A Brief Note on First Principles – Parsha Re’eh

Parsha Re’eh records a series of discrete lessons. There is no overt relationship amongst the fifty-five laws promulgated in the text. Some are esoteric in nature while others, such as the laws of Kashrut and Shemmitah, remain active. The laws of Shemmitah, first recorded in Parsha Mishpatim and Parsha Behar, are augmented by a law mandating debt remission in the seventh year. Another progressive law ordered a second tithe that was not dedicated to God, the Priests and the Levites, rather, were to be distributed to the poor. The protection of the needy, “the proselyte, the orphan and the widow” is a recurring theme of the Torah, and the fundamental values  it represented found continued expression in the promulgation of many early laws that encouraged moral and ethical behavioural norms.

The word tzedakah is derived from the same root as tzedek which can mean righteousness, justice or fairness. How you perform tzedakah is important. The Rambam described the “levels” of giving in eight ascending categories. Certain ways of fulfilling tzedakah were considered more meritorious than others. Public tzedakah was an early and important part of Jewish communal life. Sometimes these funds were voluntarily given by townspeople, often during communal prayers or for annual ongoing fund raising campaigns. An early initiative, which still is practiced today, is the Maot Chittin campaign, which takes place between Purim and Passover to ensure the Jewish underclass Jews would have a festive Seder.  This original food drive, first mentioned over a century ago has broadened its scope and mandate through the organization of Food Banks, such asMazon. Today, tzedakah has been reinvented and invigorated as another successful modern Jewish enterprise, providing aid as diverse as free loans, women’s shelters and medical and educational institutions.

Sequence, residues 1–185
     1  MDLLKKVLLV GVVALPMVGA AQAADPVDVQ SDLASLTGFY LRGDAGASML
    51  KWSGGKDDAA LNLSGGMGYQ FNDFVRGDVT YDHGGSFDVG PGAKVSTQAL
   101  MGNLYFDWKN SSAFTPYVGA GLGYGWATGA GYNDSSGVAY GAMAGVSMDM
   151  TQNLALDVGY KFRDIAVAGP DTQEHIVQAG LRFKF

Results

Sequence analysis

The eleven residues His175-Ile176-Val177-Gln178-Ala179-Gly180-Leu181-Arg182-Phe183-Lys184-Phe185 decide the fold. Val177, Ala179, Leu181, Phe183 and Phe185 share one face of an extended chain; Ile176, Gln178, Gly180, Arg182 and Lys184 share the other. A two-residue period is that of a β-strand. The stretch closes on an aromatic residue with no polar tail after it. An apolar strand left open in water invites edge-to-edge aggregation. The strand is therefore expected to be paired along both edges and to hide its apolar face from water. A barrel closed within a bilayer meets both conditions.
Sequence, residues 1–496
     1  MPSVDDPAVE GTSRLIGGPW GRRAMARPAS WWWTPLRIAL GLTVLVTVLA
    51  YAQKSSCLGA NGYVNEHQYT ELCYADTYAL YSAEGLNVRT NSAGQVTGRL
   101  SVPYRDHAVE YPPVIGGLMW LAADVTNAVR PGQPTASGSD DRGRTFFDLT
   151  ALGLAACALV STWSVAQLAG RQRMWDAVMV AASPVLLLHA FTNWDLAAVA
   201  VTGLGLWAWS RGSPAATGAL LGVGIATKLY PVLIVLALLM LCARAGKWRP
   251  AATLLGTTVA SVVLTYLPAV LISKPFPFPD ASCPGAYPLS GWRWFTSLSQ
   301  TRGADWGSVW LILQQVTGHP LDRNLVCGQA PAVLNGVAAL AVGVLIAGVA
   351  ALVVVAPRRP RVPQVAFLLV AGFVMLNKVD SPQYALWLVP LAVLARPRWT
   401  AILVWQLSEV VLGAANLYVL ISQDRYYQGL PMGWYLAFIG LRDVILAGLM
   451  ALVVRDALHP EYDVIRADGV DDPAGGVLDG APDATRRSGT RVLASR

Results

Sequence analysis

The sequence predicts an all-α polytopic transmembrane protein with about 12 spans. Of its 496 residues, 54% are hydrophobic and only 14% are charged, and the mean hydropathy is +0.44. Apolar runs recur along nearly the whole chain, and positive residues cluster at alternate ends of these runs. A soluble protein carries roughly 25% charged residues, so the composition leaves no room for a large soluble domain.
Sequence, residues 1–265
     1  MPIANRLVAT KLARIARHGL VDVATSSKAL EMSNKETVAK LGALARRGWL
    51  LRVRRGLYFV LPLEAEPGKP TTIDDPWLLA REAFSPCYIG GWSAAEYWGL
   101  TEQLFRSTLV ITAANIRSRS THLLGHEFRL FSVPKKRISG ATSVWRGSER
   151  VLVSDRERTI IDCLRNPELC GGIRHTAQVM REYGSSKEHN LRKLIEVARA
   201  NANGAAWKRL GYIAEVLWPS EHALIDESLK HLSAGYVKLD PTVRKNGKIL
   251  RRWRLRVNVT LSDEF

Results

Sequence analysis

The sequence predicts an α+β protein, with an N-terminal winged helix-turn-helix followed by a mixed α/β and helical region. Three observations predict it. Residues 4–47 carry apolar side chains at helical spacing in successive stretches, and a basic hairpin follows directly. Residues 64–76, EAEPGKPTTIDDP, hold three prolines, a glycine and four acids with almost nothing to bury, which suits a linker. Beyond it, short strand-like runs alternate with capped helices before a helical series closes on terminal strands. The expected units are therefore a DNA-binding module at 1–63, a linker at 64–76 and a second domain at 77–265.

The Children of Israel are again warned about “foreign influences”, specifically idol worship. In Parsha Re’eh, Moses again tells the Israelites how they should destroy and erase idolatry from the Land of Israel. They are to tear down the altars and smash the pillars of all places where the repugnant regime is practiced. They are warned “to beware of being lured into their ways after they have been wiped out”. Moses repeats God’s hate of the heathen rites: “…they perform for their god’s every abhorrent act that God detests: they even offer up their sons and daughters in fire to their gods”.  . The Children of Israel were also commanded to change the place names that marked the Canaanites’ shrines, so that their memory would be forever lost. Ironically, that is what the Romans did to Judea after the fall of Jerusalem and the failed revolt of Bar Kochba. In fact, history demonstrates many example of the victor vanquishing not only the foe, but any evidence of the foe. 

Unfortunately, the Israelites seemed determined not to erase any evidence of the former cultures from the land. Nor, did the Israelites take measures to guard against such places and such practices from rising up in their midst. The early rule of the Israelites is marked not by the perils of foreign domination and entanglements, which were the hallmark of the Second Templeperiod, but by the continuing corrupting influence of idolatry and the ease that the people could turn to the worship of other gods. Even the revered King Solomon was guilty of such noxious practices: The Book of Kings describes how King Solomon allowed pagan worship to take root in his kingdom, and even constructed altars and temple for the worship of strange gods:”Then Solomon built a high place for Chemosh the detestable idol of Moab, on the mountain which is east of Jerusalem, and for Molech the detestable idol of the sons of Ammon.”  It is only during the Second Temple period that idols and pagan practices began to die out, only to be replaced by a force considered much more insidious – Hellenism and the war of ideas and culture – a battle that is still being waged.

Judaism has always been affected by religious sectarianism, much of which has to do with the definition of what constitutes foreign influences. In spite of these doctrinal differences, their teachings have remained grounded on certain common principles, notably tzedakah. The protection of the underclass, the building and maintenance of communal institutions and the building of institutions for the benefit of the community are testaments to the morals and ethics first mentioned in the Torah. These tenets have been inculcated by centuries of Jewish thought and wisdom and are a source of our peoples’ strength and fortitude.

This entry was posted in 2014, Deuteronomy/Devarim, Re'eh. Bookmark the permalink.

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